by Dana Schuster and Kirsten Fleming, NY Post
They work until 11 at night, lug 40-pound garment bags throughout the city and get scolded for not adhering tape to mood boards correctly. And yet being a Condé Nast intern remains one of the most coveted, sought-after unpaid jobs in town.
To an aspiring media-ite, a Condé internship is a stiletto stacked in prestige wrapped in promises of opportunity. It is a fancy incubator for future media power players: Fashion designer Whitney Port, author Lauren Conrad and beauty blogger Emily Weiss all got their start interning at the media mammoth.
So you can imagine the surprise when, last month, Condé Nast announced it was terminating its internship program. Starting in 2014, Condé publications including Vogue, The New Yorker and Vanity Fair will no longer give students the opportunity to toil — and learn — in their hallowed halls. The bold decision came on the heels of a lawsuit filed in June 2012 by two former Condé interns: Matthew Leib, who interned at The New Yorker in 2009 and 2010, and Lauren Ballinger, who worked at W magazine in 2009.
The two sued the media conglomerate for failing to pay them minimum wage — claiming that their measly stipend amounted to less than $1 an hour for their unpaid internships.
“The Federal Fair Labor Standards Act and New York Labor Law do not allow employers to allow workers to work for free — even if the workers give their consent,” says Leib and Ballinger’s attorney, Rachel Bien at Outten & Golden. “Internships, like those at Condé Nast, that involve performing the same kinds of work that employees perform and provide no training beyond on-the-job training that employees receive are not lawful,” she adds. Condé refused to comment on the pending lawsuit.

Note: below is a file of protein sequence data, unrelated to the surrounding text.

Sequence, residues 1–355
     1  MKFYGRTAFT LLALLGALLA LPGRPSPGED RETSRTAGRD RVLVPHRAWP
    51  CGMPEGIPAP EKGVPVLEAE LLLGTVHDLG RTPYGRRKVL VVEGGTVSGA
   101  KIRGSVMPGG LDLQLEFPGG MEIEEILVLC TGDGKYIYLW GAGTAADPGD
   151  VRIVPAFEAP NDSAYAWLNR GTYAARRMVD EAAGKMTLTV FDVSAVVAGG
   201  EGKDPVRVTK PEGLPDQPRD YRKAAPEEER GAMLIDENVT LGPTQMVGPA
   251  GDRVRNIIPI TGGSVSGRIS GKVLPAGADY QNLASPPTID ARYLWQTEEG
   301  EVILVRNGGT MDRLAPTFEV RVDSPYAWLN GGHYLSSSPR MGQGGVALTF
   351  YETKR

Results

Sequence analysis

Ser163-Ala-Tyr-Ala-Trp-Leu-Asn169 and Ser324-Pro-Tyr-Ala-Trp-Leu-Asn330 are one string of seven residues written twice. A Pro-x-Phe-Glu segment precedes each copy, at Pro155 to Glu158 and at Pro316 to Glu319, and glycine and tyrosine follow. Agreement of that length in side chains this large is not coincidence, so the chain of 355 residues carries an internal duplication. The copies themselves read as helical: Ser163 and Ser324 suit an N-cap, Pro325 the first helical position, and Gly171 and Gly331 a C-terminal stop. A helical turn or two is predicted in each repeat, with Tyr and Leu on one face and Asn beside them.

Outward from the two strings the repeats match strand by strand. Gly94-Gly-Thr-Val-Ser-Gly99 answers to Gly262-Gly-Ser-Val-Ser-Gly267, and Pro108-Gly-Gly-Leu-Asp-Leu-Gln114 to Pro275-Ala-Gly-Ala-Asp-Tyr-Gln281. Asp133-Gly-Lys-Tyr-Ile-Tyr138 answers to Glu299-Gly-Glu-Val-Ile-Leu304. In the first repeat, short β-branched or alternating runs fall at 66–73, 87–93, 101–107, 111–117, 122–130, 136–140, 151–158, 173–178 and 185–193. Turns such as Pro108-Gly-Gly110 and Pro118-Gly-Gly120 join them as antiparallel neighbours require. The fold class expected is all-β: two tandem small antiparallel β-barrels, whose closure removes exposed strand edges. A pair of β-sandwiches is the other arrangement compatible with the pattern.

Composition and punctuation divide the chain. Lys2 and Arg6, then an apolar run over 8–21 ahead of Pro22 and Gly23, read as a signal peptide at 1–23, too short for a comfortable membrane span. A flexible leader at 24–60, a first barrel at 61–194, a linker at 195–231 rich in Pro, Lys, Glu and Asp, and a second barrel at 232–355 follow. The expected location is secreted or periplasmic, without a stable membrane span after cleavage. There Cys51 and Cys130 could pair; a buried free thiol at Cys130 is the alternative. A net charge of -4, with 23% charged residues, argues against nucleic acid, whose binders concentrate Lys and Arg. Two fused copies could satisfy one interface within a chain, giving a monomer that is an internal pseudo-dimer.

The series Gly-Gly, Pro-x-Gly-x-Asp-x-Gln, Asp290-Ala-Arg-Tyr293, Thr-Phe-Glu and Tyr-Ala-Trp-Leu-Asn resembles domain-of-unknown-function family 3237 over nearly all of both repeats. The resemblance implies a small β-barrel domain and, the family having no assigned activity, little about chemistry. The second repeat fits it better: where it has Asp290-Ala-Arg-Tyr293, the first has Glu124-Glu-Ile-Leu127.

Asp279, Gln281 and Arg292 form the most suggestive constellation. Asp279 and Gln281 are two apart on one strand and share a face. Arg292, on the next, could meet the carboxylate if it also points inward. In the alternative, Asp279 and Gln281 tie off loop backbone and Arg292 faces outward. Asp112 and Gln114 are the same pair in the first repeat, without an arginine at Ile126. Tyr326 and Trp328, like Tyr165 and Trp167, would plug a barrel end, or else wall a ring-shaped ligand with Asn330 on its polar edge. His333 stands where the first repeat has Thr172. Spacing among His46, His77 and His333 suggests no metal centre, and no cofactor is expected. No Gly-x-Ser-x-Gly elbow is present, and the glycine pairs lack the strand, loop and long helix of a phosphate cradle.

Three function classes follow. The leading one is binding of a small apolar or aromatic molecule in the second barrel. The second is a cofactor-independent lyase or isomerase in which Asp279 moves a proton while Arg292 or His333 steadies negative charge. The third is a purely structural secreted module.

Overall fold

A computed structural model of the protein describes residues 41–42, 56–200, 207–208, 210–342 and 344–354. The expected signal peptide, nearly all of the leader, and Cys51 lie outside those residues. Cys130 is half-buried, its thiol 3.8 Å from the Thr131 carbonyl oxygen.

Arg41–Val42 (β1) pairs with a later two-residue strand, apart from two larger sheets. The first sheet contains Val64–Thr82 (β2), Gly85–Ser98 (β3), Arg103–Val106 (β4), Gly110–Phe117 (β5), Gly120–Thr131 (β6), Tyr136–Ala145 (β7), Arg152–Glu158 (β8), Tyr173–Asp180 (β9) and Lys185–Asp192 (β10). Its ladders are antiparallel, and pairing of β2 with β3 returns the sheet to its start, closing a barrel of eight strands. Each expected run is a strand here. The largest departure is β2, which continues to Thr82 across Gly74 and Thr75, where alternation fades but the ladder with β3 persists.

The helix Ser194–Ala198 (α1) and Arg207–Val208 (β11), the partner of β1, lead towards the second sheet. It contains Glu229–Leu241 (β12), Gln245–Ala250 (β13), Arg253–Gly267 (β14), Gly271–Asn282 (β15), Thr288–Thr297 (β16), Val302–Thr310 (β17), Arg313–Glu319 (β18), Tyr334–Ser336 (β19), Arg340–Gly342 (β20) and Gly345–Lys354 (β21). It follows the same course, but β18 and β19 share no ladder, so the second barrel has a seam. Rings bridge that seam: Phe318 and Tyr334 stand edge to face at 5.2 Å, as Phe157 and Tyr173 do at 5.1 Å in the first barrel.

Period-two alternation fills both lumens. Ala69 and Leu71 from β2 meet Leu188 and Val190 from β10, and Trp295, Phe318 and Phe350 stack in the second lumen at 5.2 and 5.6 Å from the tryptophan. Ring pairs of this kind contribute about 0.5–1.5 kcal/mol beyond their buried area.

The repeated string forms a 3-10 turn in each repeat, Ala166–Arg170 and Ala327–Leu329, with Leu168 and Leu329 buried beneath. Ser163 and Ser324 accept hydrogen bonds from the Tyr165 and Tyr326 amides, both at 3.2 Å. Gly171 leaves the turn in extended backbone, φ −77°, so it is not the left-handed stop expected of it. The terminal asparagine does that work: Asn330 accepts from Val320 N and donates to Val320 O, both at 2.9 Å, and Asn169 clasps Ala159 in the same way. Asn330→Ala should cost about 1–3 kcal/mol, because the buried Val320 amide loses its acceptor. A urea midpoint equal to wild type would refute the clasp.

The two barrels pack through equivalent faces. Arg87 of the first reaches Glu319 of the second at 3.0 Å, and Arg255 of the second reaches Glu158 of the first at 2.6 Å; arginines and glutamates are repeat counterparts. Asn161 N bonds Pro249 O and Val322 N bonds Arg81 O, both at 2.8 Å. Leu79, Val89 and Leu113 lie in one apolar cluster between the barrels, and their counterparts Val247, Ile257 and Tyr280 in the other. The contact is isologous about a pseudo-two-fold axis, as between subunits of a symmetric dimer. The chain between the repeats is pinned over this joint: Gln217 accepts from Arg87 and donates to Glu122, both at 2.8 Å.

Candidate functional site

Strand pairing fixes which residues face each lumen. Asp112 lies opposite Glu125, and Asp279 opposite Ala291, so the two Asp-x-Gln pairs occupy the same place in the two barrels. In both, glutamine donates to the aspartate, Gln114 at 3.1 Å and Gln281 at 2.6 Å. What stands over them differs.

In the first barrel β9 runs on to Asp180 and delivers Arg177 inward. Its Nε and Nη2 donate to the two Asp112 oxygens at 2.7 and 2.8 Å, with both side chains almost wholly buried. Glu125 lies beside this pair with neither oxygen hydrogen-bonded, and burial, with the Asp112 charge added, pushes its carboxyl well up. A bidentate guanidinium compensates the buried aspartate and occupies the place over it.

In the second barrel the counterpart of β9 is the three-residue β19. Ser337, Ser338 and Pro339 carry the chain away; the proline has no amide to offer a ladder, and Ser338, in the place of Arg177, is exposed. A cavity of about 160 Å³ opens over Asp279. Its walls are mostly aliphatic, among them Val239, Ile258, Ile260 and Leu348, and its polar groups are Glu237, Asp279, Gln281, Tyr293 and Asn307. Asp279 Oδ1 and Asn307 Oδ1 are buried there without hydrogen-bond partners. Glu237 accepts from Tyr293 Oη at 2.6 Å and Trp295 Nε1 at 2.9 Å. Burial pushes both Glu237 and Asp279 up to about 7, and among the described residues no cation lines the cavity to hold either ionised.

Even if Leib and Ballinger are fighting for the greater good of interns everywhere, not all of their fellow errand-runners are supportive. “It feels like the people who sued kind of ruined it for everyone else because, I mean, if you don’t like your internship, you can cancel it. You can say, ‘I’m sorry, I quit.’ Not, ‘Well, I’ll stick it out and sue you,’ ” says Jenny Achiam, a junior at Florida State University who was an editorial intern at Lucky magazine this past summer. “It’s a shame that the resource won’t be available to other students in the future,” she says.